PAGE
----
Wednesday, March 24, 2010 | 3:30 p.m.
The skull tattoo on Sherryl Anctil’s arm is your basic white bone skeleton head. It’s almost generic, really, except for the black kippah—the round disk cap traditionally worn by Jews—sitting on the skull’s bald dome.
This is “Skullberg,” mascot of Semites on Bikes, the Jewish motorcycle club Anctil and her husband, Ron, belong to.
Ron’s Skullberg tattoo, by the way, is flanked in red flames. It’s identical to the patch Semites on Bikes wear on the back of their leather riding vests (at least when they’re not posing nude in calendars—but more on that in a minute).
Semites on Bikes, also known as S.O.B., was founded in Baltimore six years ago by a man named Ken Shapiro, or “King Ken” to his 40 or so fellow members. (Anctil’s nickname is “Bubbie”—she’s grandmother to nine. Ron’s nickname is Yiddish for Grandpa: “Zadie.” Anctil’s daughter, Carrie, is called “Scarrie Carrie,” largely because King Ken decided it was funny. That’s life in a bike gang.)
Anctil and her husband started the S.O.B. Southwest chapter almost two years ago. It consists of Anctil and her husband, a third guy in Vegas, two people in Arizona and one in Utah. Six people.
Anctil dearly wants her local chapter to grow. Jewish or not, a biker club needs bikers. And you don’t have to be Jewish, by the way, to join S.O.B. You just need a certain panache, Anctil says, and a sense of humor. Semites on Bikes like to rib each other.
“We welcome anybody foolish enough to ride with us,” she says.
The S.O.B. motto: “Eat to Ride, Ride to Eat.”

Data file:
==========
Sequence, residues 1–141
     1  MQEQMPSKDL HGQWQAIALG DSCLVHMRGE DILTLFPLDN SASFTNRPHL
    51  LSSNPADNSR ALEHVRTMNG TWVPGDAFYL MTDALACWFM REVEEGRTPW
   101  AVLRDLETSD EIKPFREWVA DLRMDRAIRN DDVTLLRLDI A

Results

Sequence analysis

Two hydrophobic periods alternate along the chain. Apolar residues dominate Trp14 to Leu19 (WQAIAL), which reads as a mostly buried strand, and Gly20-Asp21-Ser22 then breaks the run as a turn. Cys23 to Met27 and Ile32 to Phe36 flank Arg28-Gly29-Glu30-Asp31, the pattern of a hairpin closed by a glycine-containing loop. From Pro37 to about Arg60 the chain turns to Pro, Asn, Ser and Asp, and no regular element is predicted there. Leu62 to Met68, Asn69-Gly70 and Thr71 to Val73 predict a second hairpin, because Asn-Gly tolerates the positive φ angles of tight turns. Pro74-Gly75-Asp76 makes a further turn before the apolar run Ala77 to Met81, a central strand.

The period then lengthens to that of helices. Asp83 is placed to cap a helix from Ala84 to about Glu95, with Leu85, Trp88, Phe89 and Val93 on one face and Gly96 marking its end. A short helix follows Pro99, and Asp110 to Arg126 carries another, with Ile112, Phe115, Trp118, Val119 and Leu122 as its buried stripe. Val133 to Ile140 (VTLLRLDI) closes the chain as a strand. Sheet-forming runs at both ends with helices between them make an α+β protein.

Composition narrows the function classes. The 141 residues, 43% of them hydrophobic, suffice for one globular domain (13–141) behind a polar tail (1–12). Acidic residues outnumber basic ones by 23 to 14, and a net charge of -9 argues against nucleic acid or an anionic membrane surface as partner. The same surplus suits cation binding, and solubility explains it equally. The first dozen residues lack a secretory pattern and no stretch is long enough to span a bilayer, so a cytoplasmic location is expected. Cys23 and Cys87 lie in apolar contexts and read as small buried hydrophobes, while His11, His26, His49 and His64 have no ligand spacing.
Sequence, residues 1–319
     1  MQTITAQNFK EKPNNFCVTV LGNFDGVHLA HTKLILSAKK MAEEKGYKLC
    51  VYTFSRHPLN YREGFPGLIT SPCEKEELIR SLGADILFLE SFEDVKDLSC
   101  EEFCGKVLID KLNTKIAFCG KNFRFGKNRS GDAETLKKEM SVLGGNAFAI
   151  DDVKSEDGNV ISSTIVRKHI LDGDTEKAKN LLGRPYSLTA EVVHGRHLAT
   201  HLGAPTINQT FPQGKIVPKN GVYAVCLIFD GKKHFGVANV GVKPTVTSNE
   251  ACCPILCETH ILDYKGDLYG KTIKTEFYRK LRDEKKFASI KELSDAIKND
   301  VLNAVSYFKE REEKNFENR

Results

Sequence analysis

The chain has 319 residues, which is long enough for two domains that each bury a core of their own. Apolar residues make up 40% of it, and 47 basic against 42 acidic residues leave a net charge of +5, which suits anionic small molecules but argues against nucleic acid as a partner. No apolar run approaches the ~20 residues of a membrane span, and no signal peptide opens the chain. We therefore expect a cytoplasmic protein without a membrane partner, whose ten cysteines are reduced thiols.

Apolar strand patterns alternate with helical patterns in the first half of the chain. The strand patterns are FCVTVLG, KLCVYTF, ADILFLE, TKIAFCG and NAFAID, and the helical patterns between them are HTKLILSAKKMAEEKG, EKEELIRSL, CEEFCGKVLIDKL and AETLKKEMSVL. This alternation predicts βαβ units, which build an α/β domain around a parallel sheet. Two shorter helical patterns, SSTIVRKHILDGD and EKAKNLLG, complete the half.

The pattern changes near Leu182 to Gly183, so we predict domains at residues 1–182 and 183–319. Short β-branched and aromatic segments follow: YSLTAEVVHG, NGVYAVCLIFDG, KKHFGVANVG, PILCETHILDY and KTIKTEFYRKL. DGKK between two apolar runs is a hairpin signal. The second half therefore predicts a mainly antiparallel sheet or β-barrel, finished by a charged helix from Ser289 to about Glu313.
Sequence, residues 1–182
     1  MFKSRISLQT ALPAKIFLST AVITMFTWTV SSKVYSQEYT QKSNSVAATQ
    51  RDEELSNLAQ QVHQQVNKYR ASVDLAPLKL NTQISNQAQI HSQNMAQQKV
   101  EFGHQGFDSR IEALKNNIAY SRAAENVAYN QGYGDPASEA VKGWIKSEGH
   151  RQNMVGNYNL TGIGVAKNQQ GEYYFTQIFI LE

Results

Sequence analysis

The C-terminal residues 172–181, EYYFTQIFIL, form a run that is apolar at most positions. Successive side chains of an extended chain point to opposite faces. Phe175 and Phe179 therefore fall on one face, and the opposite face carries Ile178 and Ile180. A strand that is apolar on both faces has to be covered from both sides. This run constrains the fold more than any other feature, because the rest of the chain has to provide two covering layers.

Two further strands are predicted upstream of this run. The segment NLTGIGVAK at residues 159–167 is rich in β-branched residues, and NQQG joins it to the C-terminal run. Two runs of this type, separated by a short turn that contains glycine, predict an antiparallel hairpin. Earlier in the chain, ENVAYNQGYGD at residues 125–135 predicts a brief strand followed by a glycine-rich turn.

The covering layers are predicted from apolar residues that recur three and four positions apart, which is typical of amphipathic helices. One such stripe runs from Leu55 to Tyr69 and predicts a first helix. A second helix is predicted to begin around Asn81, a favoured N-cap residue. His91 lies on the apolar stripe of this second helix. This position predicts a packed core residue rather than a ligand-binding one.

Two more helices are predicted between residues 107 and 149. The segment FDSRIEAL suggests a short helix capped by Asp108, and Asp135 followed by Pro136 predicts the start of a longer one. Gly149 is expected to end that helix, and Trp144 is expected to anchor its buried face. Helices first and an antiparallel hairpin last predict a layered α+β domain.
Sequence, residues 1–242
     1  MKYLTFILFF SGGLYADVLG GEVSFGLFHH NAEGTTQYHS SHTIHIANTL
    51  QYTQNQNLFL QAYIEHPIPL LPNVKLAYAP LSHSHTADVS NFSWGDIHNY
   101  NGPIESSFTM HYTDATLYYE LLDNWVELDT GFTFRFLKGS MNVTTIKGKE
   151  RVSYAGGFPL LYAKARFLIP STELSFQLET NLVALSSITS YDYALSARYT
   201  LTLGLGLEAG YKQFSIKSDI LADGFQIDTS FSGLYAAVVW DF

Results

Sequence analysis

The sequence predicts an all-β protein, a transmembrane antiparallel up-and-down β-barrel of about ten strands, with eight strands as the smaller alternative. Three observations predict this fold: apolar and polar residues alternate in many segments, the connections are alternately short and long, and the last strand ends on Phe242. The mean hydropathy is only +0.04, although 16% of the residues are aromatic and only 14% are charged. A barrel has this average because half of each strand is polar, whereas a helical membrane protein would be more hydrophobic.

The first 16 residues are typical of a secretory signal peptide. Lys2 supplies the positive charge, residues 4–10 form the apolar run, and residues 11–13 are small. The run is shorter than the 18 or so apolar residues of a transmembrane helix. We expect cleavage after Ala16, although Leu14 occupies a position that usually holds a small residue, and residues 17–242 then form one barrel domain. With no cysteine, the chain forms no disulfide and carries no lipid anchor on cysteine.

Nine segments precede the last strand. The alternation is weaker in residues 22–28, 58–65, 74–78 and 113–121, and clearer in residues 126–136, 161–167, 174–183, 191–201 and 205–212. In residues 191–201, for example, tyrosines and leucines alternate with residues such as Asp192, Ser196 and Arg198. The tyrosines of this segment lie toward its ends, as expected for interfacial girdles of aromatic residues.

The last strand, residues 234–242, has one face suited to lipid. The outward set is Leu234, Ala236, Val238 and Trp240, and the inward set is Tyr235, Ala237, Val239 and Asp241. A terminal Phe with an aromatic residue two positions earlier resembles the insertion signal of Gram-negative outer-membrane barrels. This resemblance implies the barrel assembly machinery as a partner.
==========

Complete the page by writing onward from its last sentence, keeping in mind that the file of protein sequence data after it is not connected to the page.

Of course, it’s more than that. Anctil longs for the group’s particular confluence of camaraderie—for people who understand her bikes and her background. In Baltimore, S.O.B. members meet regularly. Anctil and her husband can take trips to see the group back east, and can participate on the very active S.O.B. online message board, but it’s not the same as having a group in town.
“That’s what I miss, and that’s what I’d like to get going here,” she said. “The mishpocheh [family], the closeness.”
S.O.B. was founded, in part, as an affront to stereotype—the notion that Jews aren’t the sort to ride Harleys, wear leather chaps and generally celebrate bad-assery. Of course, the same stereotypes S.O.B.s reject are often held closest by fellow Jews; people who don’t approve of the group’s screw-you bawdiness. The sort of people who might see the tattoo on Anctil’s other arm—two skeletons making out, one wearing a kippah—and shake their heads.
The sort of people who don’t approve when Anctil and her husband come to temple in their riding leathers. Anctil doesn’t care. She became a biker after surviving breast cancer four years ago. Life is too short to worry about what anybody thinks when Bubbie flies by on her motorcycle. (Besides, even the rabbi’s wife said she wants to learn to ride some day.)
And yet, for a group that delights in activities that would make their grandmothers cringe, S.O.B. members also revel in their Jewish identity. When the KKK held a rally in 2006, S.O.B. was there to protest, singing “Hava Nagila” at the hooded Klansmen like it was a war cry. If they were really just about being tough bikers, after all, Skullberg wouldn’t need a skullcap.
The group is also keen on charity work, and this is where the nudity comes in. For the past two years, members of S.O.B. have been making and selling nude calendars to raise money for local pet shelters; 12 months of S.O.B. bikers, posing with their motorcycles and holding discreetly placed pets. They’ve raised more than $10,000 so far, says Anctil, who happens to be Mrs. August. In the photo, Anctil is sitting on her bike, cradling her white Chihuahua just so, and smiling—a nice Jewish girl.